As economic growth completely stagnated in the first quarter – so much so that per capita GDP growth was actually negative – the monthly employment reports inexplicably continued to paint a picture of a robust labor market that was adding hundreds of thousands of jobs a month. Those reports didn’t mesh with other reports that showed the economy slowing, including corporate profits which have been slowing for the past year and worsened further in the first quarter.
It seems, too, that someone forgot to tell workers just how well the labor market was doing, since anger over the sorry state of the labor market has featured prominently in the races for both parties’ presidential nomination.
Finally, the employment report for the month of April, released yesterday by the Bureau of Labor Statistics, has begun showing cracks in its facade. It seems that the economy added “only” 160,000 jobs in April, well off expectations for another gain of over 200,000. And unemployment held steady in spite of the employment level falling by 316,000 jobs, thanks once again to 362,000 people vanishing from the potential labor force.
If it were an honest assessment of the condition of the labor market, the addition of 160,000 jobs to the economy would actually be pretty darned good news in light of the fact that it’s nearly twice the rate needed to keep pace with growth in the population. But it’s not an honest assessment and, for that reason, is a warning sign that the labor market is, in fact, not in good condition.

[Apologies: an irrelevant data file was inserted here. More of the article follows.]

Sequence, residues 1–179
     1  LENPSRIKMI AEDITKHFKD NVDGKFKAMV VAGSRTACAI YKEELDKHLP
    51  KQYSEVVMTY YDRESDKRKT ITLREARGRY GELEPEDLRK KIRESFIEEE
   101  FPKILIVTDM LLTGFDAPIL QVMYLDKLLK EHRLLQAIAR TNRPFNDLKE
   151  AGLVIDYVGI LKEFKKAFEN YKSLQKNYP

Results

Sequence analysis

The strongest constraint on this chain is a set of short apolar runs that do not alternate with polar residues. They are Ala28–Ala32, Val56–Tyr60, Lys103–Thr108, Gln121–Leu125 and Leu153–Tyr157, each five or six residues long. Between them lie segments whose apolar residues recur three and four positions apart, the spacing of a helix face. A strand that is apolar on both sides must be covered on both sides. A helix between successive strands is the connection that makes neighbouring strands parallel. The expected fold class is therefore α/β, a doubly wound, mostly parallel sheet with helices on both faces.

I’ve come to the conclusion that the monthly employment report may be one of the lousiest measures of how our economy is performing, thanks to decades of constant tinkering with the methodology that each administration does to put a good face on how the economy has performed. For example, if a company eliminates one full-time job and replaces it with two part-time jobs (a common tactic for eliminating benefits and cutting pay), that actually counts as the creation of one job, since two jobs were added while one was eliminated. Or, if you take a second part-time job in order to keep your head above water, you’ve just “created” a new job, even though no new work is being performed in the economy. So, as the economy has transitioned from full-time jobs to part-time jobs and temp jobs over the past few decades, employment appears to have grown while reality is exactly the opposite.
That’s the establishment survey portion of the report. Things are just as bad on the household survey side where it’s almost impossible not to be counted as employed. You don’t even have to earn money to be counted as “employed.” If you lose your job and, in order to make productive use of your time, you now help out someone in the family who’s trying to scratch out a living running a small business, you help them out for free, you’re counted as “employed.”
Another economic indicator that has become just as worthless is the weekly tally of first-time unemployment claims. Of course claims keep falling. Fewer people are eligible for unemployment as the economy has made this transition from actual, paid employment to one where people do things to scratch out a living that don’t fit that report’s definition of “employment.”
It’s all a big show where great employment numbers probably reflect a so-so economy and good numbers (like April’s) are actually a warning sign that things are beginning to tank.